OK, let’s have it…what were the most important threats?
“I look at threats as being in three ‘buckets.’ The first is regulatory. While there is not as much of a threat on that landscape, there are significant changes happening in Washington, DC and Congress that can have an impact. Currently, it is a fragmented model with various state, federal and international regulations, with the government on the verge of adopting the California Consumer Privacy Act (CCPA) or European General Data Protection Regulation (GDPR)-like regulations as the federal standard.”
“When it comes to HIPPA, as it is now data is loosely shared with partners, who often bring on consultants or subcontractors so that information ends up being widely distributed. And there is no way a hospital can produce a map that shows everyone who has access to patient X’s data. Also, it is almost impossible to delete all of the records from a patient if he/she requests to do so, a right built into GDPR and the CCPA (duty to delete). Healthcare is a complex ecosystem of providers, payers and patients and has a long way to go in terms of cyber hygiene and due diligence.”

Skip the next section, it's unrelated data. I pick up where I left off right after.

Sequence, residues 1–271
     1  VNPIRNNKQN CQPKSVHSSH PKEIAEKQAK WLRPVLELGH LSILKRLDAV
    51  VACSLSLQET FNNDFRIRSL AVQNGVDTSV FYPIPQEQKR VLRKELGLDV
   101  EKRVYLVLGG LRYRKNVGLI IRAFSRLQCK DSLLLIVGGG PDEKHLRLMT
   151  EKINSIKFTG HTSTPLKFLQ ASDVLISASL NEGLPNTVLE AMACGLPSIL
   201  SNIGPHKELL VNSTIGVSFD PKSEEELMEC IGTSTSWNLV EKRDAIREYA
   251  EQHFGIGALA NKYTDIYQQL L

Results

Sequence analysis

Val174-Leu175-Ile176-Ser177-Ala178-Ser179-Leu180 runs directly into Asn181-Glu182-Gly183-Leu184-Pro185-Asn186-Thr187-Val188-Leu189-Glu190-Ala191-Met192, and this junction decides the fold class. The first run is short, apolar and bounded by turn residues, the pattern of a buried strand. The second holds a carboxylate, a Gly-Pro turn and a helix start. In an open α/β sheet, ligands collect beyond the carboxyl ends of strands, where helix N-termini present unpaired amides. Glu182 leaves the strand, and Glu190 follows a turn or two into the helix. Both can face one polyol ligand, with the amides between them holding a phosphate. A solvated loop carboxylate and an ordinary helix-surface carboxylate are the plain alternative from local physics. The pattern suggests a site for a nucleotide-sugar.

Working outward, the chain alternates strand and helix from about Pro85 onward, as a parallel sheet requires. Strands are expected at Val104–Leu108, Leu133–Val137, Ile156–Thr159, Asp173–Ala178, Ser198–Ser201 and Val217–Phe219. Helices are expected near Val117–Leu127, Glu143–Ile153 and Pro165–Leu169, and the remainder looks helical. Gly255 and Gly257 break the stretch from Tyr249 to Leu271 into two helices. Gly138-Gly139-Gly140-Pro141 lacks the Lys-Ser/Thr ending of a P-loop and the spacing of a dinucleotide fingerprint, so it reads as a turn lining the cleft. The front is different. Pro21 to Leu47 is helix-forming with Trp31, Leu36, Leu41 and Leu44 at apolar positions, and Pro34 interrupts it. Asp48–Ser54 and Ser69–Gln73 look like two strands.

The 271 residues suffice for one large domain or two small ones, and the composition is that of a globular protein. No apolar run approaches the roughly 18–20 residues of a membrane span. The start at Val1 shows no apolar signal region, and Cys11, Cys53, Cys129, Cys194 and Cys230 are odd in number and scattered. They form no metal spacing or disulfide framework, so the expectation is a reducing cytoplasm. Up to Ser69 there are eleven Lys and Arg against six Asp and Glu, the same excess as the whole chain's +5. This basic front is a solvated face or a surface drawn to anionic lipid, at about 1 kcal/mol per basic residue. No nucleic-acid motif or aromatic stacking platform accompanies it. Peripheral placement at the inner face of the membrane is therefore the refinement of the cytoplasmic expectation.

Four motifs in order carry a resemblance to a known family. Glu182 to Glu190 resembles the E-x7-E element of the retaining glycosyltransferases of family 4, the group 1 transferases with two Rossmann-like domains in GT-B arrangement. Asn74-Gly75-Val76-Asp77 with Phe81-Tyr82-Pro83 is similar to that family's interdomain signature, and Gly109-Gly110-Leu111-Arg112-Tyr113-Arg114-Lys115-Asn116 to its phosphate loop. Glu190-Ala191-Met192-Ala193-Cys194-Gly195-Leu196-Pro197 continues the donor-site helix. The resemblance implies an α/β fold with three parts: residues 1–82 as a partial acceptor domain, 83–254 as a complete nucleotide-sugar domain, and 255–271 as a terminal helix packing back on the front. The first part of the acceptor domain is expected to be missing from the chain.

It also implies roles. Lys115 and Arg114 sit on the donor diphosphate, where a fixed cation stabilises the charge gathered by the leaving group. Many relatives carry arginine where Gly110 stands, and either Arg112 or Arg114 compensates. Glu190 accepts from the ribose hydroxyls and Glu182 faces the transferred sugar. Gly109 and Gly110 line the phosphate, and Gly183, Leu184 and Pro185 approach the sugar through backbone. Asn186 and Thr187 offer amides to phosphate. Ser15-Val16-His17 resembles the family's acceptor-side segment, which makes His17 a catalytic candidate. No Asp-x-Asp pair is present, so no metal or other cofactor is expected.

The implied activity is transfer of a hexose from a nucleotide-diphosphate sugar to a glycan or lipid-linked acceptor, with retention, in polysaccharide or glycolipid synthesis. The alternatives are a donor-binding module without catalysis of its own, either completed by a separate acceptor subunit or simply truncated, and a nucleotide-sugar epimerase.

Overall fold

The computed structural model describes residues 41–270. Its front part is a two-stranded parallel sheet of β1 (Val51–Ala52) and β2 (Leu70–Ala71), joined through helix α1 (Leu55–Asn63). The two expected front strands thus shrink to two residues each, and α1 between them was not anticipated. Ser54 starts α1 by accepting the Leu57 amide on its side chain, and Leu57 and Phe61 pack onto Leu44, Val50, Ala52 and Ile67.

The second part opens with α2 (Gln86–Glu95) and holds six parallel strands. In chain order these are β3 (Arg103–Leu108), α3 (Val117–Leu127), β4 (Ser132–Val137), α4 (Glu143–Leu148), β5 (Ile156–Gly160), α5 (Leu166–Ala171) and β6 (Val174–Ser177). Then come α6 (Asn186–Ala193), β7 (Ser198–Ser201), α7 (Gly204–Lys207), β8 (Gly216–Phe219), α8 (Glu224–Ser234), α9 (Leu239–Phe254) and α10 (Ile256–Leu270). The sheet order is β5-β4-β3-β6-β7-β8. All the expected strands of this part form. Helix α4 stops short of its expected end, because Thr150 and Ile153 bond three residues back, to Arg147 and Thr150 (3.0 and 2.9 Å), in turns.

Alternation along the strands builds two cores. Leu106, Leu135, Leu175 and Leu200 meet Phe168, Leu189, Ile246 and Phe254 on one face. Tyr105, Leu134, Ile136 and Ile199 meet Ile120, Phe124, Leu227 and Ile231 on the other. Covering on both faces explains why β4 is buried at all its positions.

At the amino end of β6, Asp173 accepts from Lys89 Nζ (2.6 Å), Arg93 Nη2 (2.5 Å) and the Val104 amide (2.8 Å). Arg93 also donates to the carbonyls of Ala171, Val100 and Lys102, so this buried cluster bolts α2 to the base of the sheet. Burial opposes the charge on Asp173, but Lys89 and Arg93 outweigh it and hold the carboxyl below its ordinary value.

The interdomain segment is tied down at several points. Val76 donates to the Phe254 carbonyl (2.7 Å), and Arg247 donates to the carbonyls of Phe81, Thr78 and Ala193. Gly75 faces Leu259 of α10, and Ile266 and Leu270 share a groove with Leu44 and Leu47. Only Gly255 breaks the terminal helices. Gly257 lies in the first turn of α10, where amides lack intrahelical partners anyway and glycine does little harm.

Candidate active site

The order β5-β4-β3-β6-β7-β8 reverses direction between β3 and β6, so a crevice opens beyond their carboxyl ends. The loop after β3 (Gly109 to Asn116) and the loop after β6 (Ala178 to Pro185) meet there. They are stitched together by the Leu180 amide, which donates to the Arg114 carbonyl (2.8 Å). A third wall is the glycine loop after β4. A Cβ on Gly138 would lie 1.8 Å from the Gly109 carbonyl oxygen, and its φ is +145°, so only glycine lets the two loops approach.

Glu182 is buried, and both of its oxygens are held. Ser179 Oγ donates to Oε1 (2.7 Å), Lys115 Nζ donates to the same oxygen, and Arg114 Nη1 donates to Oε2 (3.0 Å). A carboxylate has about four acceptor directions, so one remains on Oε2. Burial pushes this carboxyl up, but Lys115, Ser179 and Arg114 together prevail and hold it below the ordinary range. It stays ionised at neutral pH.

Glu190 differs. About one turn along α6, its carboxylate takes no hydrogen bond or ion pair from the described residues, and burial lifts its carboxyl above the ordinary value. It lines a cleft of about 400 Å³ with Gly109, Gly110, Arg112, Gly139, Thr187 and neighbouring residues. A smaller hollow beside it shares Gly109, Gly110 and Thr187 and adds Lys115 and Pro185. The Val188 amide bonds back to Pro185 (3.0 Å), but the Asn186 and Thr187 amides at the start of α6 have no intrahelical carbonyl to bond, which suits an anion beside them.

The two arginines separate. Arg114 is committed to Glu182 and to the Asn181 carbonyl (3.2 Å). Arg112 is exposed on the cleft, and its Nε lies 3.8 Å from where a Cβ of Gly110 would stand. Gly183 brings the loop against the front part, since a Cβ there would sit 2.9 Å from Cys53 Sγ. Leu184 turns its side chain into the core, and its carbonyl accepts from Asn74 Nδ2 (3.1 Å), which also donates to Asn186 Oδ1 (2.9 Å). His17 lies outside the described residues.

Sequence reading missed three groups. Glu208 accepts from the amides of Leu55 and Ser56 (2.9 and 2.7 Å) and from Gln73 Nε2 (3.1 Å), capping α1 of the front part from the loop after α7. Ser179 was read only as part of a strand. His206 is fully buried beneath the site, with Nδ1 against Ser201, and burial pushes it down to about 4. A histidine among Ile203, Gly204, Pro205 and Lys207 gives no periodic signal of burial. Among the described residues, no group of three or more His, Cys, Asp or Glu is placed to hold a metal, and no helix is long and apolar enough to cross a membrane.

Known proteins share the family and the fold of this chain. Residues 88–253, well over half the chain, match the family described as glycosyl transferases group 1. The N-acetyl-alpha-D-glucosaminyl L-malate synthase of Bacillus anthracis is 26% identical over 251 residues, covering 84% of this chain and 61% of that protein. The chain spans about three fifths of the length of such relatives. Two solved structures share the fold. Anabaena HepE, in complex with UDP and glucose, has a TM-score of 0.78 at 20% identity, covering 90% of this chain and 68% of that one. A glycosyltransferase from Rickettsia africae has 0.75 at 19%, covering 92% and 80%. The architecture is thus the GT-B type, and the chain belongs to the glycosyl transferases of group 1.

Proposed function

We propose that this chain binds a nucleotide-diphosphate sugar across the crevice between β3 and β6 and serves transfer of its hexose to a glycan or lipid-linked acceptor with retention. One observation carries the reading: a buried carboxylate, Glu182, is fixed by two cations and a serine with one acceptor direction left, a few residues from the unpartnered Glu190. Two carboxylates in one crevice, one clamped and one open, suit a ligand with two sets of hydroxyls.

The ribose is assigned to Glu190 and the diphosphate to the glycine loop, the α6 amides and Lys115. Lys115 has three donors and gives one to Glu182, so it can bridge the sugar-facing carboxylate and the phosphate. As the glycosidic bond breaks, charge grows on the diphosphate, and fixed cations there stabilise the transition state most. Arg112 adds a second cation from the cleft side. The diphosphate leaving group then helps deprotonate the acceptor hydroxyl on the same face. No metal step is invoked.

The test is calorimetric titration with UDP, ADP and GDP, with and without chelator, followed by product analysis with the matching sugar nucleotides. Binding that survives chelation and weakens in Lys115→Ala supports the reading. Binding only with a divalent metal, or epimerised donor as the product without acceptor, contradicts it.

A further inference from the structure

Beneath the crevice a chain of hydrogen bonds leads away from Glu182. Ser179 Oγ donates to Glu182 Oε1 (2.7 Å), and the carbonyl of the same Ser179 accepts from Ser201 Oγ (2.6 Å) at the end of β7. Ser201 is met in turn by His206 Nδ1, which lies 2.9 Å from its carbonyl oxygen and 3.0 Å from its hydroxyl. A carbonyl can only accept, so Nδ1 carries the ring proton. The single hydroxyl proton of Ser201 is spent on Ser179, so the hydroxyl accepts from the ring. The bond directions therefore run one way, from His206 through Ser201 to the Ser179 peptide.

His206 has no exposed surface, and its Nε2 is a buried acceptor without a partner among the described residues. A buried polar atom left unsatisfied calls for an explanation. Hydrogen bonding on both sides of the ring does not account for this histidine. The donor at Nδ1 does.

But Vikrant Arora fights the good fight.
“In trying to ensure there are no cybersecurity blind spots it is vital to conduct an enterprise-wide analysis where you look at all of the stakeholders and determine the risks to them—and you can’t just find that out by sending them a questionnaire. If the IT landscape that is analyzed is not holistic or within a business context, then it is not meaningful. There is no new technology that will come along and help us with new stringent regulations but it is due diligence that will win the day…or hopefully, most days.”